Norman Jaffe was born in 1932 in Chicago to poor immigrant parents from Poland and Latvia. During the period of the depression, he was sent to live with relatives in Seattle where he attended high school. After finishing school, he joined the military in 1954, serving with the United States Army Corps of Engineers in Japan during the Korean War.
In 1956, Jaffe finished his military service and returned to the United States. He began studying architecture at the University of Illinois at Urbana–Champaign, later transferring to the University of California, Berkeley where he received his Bachelor's degree in 1958. Jaffe went on to complete study at Art Students League of New York and Art Institute of Chicago. While at Berkeley, Jaffe studied under noted residential architects William Wurster and Joseph Esherick who co-founded the College of Environmental Design at the University of California, Berkeley. After receiving his degree, Jaffe began working for Esherick and in 1961, he left his wife and son and moved to New York to work for Skidmore, Owings & Merrill, one of the largest architectural firms in the world, and later, for Philip Johnson.
In 1965, Jaffe's estranged wife, Barbara Cochran, was living in Glen Ellyn, Illinois with their 7-year-old son Miles and her parents when she was killed in a motor vehicle accident. Miles moved to New York to live with his father.
Jaffe had begun visiting Long Island in the 1960s, and in 1973 he moved to Bridgehampton where he opened an architectural practice. He became the most prolific architect in the Hamptons at that time, designing more than 50 local houses, from small summer homes to large estates. His work in the Hamptons included a golf club, synagogue and restaurant. The New York Chapter of the American Institute of Architects gave Jaffe an award in 1977 for a beach house he designed on Long Island. Jaffe and Emery Roth & Sons were the architects of the Guardian Life Building, built in the Financial District in 1983.
In 1985, Jaffe met Sarah Stahl at a Hampton Jitney bus stop. They were married in 1986 and had two sons.
In 1987, Jaffe donated his services to the Jewish Center of the Hamptons and designed their new synagogue. The Gates of the Grove Synagogue has been described as Jaffe's "masterpiece...(with) a remarkable blend of material and spiritual substance", and "one of the finest examples of modern synagogue design in America". Jaffe's design won awards for contemporary religious design. Paul Goldberger, a Pulitzer Prize-winning architecture writer from The New Yorker, later described the Gates of the Grove as Jaffe's "greatest work" and a "truly sacred space...", and architecture historian Alastair Gordon said Jaffe's design for the Gates of the Grove "was the jewel in the crown of his turbulent career".
Jaffe was inducted as a fellow of the American Institute of Architects in 1991; the Smithsonian Institution honored the occasion by exhibiting his work. It was reported he was "commanding design fees of as much as half a million dollars."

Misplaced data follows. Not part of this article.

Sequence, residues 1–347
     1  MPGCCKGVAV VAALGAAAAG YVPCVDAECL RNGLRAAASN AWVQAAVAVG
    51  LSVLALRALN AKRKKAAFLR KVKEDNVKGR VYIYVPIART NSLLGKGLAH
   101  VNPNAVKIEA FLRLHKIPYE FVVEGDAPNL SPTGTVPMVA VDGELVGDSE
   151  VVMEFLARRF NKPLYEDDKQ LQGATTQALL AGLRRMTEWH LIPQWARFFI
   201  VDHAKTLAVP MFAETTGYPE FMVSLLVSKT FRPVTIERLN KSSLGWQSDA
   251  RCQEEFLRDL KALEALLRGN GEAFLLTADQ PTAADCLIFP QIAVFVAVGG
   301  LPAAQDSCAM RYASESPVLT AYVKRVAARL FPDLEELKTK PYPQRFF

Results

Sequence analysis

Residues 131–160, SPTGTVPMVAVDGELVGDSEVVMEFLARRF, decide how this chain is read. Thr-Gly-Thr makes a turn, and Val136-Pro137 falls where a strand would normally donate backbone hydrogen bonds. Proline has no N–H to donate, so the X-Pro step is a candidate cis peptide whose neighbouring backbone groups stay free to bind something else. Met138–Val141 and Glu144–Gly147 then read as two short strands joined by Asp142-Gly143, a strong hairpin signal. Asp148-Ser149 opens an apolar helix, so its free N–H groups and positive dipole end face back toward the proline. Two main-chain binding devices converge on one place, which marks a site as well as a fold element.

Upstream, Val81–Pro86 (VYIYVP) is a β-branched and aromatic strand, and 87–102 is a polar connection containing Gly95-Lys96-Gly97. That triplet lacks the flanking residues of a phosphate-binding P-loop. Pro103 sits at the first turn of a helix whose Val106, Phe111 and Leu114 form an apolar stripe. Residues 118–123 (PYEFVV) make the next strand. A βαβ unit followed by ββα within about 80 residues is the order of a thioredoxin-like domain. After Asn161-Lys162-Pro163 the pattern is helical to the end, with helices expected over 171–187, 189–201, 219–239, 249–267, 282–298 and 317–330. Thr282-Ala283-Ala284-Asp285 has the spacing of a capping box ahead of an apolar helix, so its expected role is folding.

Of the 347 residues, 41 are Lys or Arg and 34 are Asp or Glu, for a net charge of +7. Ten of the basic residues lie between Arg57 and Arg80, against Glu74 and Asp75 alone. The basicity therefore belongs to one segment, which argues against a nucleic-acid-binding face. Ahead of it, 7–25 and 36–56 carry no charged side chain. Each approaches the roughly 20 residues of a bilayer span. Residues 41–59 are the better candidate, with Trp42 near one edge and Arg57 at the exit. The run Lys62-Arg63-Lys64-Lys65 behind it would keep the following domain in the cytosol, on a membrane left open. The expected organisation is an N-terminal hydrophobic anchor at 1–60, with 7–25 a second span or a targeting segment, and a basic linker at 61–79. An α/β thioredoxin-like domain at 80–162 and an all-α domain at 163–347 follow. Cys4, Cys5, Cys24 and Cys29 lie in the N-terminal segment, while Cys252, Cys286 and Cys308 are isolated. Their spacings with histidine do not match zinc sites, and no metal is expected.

One of Jaffe's final designs was the office building at 565 Fifth Avenue, Manhattan. It was finished in 1993. Architecture critic Paul Goldberger from The New Yorker, described the building as "quite remarkable...a stunning modernist object (which) respects the street, and in so doing, it enriches the city."
Jaffe assisted a number of charities, including medical relief programs in East Africa and local charities on Long Island. He also donated his professional services to charities and completed a design for a children's hospital in Croatia.
Early in the morning of August 19, 1993, Jaffe disappeared while swimming off a beach in Bridgehampton, New York, where he was known to often swim alone. His clothes and other personal items were found unattended on the beach. He had only learned to swim in his 50s, and his friends and family were reported as saying he was an overconfident but poor swimmer. A month later, fishermen found a human pelvic bone on the beach near where Jaffe disappeared. The Suffolk County, New York, Medical examiner used medical records and x-rays to confirm the remains belonged to Jaffe. His death was presumed to be an accidental drowning. On September 24, 1993, he was buried at Shaare Pardes Accabonac Grove Cemetery. Norman Jaffe was survived by his wife, Sarah Jaffe Turnbull, and three sons.
During his 35-year career as an architect, Norman Jaffe built more than 600 projects and received numerous architecture awards. That comes out to one project every three weeks. His work was displayed in museums exhibitions around the United States and overseas, including at the Museum of Modern Art in New York. Between 1967 and his death in 1993 he designed more than 50 houses in the Hamptons.
From July 24 to September 18, 2005, the Parrish Art Museum in Southampton, New York, presented "Romantic Modernist: The Life and Work of Norman Jaffe, Architect", the first major exhibition examining Jaffe's life and work. The curator of the exhibition was architectural historian Alastair Gordon, who is also the author of the book, Romantic Modernist: The Life and Work of Norman Jaffe Architect 1932-1993. The exhibition included architectural sketches and models, plans, photographs, furniture and a short documentary film featuring Paul Goldberger, architecture critic from The New Yorker, and archive footage of Jaffe himself.
On December 18, 2008, the Avery Architectural and Fine Arts Library at Columbia University in New York announced it had acquired Jaffe's architectural archives. The collection includes architectural drawings, presentations and photographs from Jaffe's professional practice and covers more than 80 projects from the 1960s to the 1990s.Gordon, Alastair, Romantic Modernist: The Life and Work of Norman Jaffe Architect 1932-1993, Monacelli, July 21, 2005, ISBN 978-1-58093-156-4